Two teachers at Branciforte Middle School in Santa Cruz went from being technophobes to technology innovators, not only bolstering instruction in the classroom, but also transforming their entire school. They ended up writing a business plan for a school technology center.
It all started with enrollment in the Krause Center for Innovation’s MERIT (Making Education Relevant and Interactive through Technology) program at Foothill College. The professional development program for K-12 teachers gives them the tech tools needed to up their instructional game, inspiring them to innovate and try the untried. As a result, teachers and students work more collaboratively and student learning increases dramatically.
“Before I started with MERIT, I didn’t even know Google had apps,” said Lisa Highfill, a Pleasanton fifth-grade teacher who entered the program in 2010. “When I learned how to authentically integrate web tools, my lessons took on a whole new level of engagement and effectiveness. … I now design webpages for teachers and students and create digital lessons that integrate all subjects and project-based learning activities.”
Highfill is now an instructional technology coach with the Pleasanton Unified School District.
Despite the program’s success, MERIT staff wanted a thorough evaluation of the program beyond teacher testimonials. As a result, the program is in the middle of a two-year third-party study to examine effectiveness.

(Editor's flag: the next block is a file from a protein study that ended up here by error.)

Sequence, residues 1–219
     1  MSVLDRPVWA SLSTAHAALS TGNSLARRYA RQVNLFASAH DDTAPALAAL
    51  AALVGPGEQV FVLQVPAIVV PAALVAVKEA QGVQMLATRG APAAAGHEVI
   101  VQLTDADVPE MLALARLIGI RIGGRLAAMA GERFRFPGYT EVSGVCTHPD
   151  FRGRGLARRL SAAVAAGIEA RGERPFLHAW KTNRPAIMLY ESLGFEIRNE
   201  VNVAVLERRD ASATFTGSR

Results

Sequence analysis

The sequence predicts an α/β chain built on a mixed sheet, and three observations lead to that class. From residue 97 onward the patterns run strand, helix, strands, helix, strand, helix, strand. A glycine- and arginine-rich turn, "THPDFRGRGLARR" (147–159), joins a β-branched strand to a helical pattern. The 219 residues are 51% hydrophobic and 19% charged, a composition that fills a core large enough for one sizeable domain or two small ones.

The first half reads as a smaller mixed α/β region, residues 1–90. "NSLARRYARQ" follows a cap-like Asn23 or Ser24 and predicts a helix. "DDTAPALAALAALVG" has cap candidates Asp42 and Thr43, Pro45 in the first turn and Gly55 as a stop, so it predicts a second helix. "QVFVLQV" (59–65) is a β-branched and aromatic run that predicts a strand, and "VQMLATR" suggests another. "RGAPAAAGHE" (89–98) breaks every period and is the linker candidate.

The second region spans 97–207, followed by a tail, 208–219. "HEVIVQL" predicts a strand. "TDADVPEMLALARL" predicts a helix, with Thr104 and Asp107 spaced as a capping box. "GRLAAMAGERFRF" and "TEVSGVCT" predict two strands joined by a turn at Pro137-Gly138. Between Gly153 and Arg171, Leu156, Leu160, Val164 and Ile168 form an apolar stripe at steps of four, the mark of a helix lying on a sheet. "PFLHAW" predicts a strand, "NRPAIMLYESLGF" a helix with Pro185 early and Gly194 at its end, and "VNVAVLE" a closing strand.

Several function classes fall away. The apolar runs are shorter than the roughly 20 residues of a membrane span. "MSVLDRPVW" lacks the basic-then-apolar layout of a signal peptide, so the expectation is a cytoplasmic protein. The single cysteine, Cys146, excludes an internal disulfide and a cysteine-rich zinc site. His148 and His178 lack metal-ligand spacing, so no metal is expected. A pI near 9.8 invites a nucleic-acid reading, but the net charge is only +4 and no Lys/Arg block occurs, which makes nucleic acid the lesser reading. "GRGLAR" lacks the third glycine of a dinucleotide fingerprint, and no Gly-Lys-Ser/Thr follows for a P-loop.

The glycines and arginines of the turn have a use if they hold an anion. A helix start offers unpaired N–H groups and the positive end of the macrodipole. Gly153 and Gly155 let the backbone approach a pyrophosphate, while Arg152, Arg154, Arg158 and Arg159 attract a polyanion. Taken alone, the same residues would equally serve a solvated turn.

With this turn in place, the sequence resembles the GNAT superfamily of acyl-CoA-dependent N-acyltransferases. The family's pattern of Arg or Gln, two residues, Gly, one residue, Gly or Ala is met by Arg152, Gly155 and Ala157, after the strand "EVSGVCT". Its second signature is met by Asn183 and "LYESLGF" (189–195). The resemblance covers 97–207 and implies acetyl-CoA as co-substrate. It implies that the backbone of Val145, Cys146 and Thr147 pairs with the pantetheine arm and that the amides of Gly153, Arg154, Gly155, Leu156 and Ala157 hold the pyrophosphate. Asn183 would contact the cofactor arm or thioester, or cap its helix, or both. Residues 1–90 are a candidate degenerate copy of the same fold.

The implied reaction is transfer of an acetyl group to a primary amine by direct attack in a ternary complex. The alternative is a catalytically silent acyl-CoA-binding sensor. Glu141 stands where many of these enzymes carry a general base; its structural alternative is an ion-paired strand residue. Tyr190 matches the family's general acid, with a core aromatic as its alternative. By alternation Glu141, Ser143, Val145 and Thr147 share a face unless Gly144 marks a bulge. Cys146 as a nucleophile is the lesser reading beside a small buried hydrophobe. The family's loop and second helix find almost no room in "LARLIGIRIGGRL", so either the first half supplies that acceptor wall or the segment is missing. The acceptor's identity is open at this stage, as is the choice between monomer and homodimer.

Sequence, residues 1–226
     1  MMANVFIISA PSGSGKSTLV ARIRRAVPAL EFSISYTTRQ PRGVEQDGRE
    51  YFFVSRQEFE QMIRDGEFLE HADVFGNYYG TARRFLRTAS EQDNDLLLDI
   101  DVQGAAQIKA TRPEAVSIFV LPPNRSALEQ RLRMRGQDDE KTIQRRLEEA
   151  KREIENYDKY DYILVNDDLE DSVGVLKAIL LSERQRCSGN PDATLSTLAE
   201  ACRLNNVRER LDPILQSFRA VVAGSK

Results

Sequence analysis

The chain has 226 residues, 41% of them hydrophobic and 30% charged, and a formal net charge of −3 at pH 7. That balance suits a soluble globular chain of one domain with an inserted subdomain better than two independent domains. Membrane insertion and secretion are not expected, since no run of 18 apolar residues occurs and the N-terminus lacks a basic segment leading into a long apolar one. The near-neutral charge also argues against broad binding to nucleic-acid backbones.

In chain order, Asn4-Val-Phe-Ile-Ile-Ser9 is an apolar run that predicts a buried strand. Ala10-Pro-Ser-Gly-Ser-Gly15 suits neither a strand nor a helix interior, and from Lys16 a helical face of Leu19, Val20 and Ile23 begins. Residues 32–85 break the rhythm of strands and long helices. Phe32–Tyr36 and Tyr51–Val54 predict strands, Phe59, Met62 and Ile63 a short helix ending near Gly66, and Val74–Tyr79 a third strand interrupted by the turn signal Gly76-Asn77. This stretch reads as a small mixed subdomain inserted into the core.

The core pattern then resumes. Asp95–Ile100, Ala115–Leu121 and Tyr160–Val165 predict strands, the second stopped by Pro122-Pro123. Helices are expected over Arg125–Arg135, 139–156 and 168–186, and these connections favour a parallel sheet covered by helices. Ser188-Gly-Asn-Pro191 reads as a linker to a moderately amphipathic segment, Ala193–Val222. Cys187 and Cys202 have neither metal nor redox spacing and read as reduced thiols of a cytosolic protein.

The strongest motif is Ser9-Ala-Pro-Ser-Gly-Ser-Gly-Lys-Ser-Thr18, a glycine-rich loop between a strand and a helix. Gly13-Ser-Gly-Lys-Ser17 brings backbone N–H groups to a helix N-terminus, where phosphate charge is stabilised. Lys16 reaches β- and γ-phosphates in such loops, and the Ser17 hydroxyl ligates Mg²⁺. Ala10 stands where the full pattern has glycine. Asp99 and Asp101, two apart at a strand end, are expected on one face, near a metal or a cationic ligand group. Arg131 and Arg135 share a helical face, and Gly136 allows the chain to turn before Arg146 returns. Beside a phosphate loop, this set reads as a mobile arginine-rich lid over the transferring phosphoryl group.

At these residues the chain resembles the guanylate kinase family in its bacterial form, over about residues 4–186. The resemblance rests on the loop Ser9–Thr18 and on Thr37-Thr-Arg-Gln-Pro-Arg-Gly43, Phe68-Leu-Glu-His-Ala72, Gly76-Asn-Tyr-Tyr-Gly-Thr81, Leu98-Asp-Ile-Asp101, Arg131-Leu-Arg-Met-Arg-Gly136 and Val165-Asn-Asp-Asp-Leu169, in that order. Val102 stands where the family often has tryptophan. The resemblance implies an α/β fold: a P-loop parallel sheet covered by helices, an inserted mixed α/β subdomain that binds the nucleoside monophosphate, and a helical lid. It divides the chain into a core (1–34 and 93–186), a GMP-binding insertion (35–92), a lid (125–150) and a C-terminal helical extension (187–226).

“Preliminary results are excellent,” said Liane Freeman, KCI’s strategy and marketing director.
The 10-month MERIT program culminates in two weeks of intensive training over the summer, with instructors applying their tech tools to actual classroom projects and presenting the projects to one another for feedback.
“We stress free web-based tools,” Freeman said. “You have access wherever you are in your environment.”
Teachers work on projects that emphasize collaboration with students. Last year one instructor set up a business with special-education students to sell items on eBay. Another created a website and ran a campaign with students to keep the Pigeon Point Light Station open.
The MERIT program accepts approximately 50 teachers a year, most from around the Bay Area but some from out of state and overseas. Since its inception in 2001, approximately 800 teachers have participated in the program.
Although most of the operations take place at the KCI campus, MERIT personnel have begun to conduct outreach at schools via “mini-MERIT” programs, Freeman said, including one at Egan Junior High School in Los Altos.
Freeman said the MERIT program is especially vital now in helping instructors adjust to new Common Core State Standards that emphasize not only getting the right answer, but also showing how students arrived at that answer.
“Twenty-first-century learning is all about collaboration, critical-thinking problem solving, communication,” Freeman said. “We’re building a pro-learning community.”